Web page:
Calls for Papers
American Literature Association Conference, May 22-25, 2014, Washington, D.C
"William Faulkner and Mark Twain"
A Joint Session sponsored by the Mark Twain Circle and the William Faulkner Society American Literature Association Conference May 22-25, 2014, Washington, D.C.
Faulkner and Twain: an often-overlooked but intriguing pairing. The William Faulkner Society and the Mark Twain Circle invite proposals for papers that bring together Faulkner and Twain in creative and thought-provoking ways. The possibilities are endless for productive dialogues, and we anticipate a fun and interesting session.Please send 250-300 word proposals to Deborah Clarke ( Deborah.Clarke@asu.edu) and to Linda Morris (email@example.com). Deadline: January 13, 2014.
A session sponsored by the William Faulkner Society
American Literature Association Conference May 22-25, 2014, Washington, D.C.
The William Faulkner Society seeks proposals for a roundtable on teaching Faulkner. We welcome any aspect of the experience of dealing with a difficult writer, but are particularly interested in how people may have integrated undergraduate research and/or digital media in the teaching of Faulkner, as well as such topics as Faulkner and the Global South. Please send 250-300 word proposals to Deborah.Clarke@asu.edu. Deadline: January 13, 2014.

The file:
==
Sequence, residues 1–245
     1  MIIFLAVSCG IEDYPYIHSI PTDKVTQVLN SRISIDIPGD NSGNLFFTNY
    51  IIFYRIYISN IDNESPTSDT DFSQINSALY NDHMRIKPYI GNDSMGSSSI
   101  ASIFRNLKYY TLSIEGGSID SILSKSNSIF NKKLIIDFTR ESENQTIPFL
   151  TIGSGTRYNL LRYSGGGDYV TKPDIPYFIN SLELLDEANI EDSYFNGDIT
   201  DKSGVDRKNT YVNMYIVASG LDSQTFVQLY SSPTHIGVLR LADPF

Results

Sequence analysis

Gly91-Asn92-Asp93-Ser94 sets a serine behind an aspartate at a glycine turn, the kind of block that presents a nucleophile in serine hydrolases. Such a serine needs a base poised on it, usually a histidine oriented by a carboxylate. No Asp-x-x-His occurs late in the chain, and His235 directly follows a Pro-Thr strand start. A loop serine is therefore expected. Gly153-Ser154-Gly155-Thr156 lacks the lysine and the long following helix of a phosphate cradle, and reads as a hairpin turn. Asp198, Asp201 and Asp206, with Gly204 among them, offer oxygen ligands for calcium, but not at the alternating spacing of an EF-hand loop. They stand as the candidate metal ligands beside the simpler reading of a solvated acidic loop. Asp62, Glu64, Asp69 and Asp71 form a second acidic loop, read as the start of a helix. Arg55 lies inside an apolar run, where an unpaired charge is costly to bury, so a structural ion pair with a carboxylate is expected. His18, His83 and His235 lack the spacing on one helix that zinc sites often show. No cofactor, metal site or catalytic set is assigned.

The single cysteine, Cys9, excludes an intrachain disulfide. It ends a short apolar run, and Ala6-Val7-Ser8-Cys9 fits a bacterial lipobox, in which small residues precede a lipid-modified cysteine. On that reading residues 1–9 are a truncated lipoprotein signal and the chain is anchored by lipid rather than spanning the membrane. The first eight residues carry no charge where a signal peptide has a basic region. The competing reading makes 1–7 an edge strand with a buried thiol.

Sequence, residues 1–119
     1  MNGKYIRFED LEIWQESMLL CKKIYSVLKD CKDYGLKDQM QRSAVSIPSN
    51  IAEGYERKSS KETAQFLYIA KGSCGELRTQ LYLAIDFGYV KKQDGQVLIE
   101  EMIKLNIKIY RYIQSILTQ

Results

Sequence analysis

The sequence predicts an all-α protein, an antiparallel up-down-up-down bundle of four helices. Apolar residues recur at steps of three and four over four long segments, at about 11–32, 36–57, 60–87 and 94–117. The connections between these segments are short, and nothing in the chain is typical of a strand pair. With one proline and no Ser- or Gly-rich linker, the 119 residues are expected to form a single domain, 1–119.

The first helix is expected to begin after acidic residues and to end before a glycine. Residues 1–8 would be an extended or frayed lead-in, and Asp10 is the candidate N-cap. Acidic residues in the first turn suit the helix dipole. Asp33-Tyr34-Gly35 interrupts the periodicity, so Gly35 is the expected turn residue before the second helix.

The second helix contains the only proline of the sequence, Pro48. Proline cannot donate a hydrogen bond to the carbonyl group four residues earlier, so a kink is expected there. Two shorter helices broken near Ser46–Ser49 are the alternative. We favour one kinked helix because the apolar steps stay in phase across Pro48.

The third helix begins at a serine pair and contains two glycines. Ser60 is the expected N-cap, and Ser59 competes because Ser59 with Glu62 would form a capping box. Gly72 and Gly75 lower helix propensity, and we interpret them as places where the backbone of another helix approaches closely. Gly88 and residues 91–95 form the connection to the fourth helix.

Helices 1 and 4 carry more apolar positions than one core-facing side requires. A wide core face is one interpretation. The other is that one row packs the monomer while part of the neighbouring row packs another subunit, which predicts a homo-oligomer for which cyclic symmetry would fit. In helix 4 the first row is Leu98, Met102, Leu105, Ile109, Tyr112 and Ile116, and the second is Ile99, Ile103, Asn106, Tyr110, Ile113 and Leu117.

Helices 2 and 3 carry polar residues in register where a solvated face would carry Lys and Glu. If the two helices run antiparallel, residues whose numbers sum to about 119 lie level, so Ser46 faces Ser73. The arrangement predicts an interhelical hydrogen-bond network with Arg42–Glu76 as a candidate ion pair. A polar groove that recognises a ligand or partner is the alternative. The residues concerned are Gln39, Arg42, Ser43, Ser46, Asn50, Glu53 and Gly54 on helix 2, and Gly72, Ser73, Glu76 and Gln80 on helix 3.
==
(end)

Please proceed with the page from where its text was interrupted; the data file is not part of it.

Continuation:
"William Faulkner and Eudora Welty"
A Joint Session sponsored by the Eudora Welty Society and the William Faulkner Society American Literature Association Conference May 22-25, 2014 Washington, D.C.
When William Faulkner sent Eudora Welty a postcard in 1943 from Hollywood praising her book, The Robber Bridegroom, and offering to help her, Welty acknowledged that getting fan mail from Faulkner was "strange stuff." Welty for her part praised and defended Faulkner in interviews and print, answering the question of his influence with "it was like living near a mountain." As Noel Polk points out, however, "unspoken in her image, and perhaps even unthought, is the simple fact that what most often lives near a mountain is another mountain." We seek papers exploring or revisioning any aspect of the relations, confluences, and divergences between these two Mississippi "mountains" and/or their work. Please send 250 word proposals to Sarah_Ford@baylor.edu and to Deborah Clarke (Deborah.Clarke@asu.edu) by December 15th, 2013.